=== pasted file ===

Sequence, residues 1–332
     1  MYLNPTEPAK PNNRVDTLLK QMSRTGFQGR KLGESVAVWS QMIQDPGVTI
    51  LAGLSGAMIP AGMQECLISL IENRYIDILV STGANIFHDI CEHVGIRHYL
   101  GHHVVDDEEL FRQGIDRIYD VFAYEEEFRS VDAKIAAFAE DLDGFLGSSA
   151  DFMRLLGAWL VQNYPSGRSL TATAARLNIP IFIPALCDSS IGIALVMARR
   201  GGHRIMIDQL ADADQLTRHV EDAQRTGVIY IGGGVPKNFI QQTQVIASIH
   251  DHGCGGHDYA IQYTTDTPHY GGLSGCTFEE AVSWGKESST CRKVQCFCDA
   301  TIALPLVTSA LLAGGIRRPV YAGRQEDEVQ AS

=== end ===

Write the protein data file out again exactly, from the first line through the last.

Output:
Sequence, residues 1–332
     1  MYLNPTEPAK PNNRVDTLLK QMSRTGFQGR KLGESVAVWS QMIQDPGVTI
    51  LAGLSGAMIP AGMQECLISL IENRYIDILV STGANIFHDI CEHVGIRHYL
   101  GHHVVDDEEL FRQGIDRIYD VFAYEEEFRS VDAKIAAFAE DLDGFLGSSA
   151  DFMRLLGAWL VQNYPSGRSL TATAARLNIP IFIPALCDSS IGIALVMARR
   201  GGHRIMIDQL ADADQLTRHV EDAQRTGVIY IGGGVPKNFI QQTQVIASIH
   251  DHGCGGHDYA IQYTTDTPHY GGLSGCTFEE AVSWGKESST CRKVQCFCDA
   301  TIALPLVTSA LLAGGIRRPV YAGRQEDEVQ AS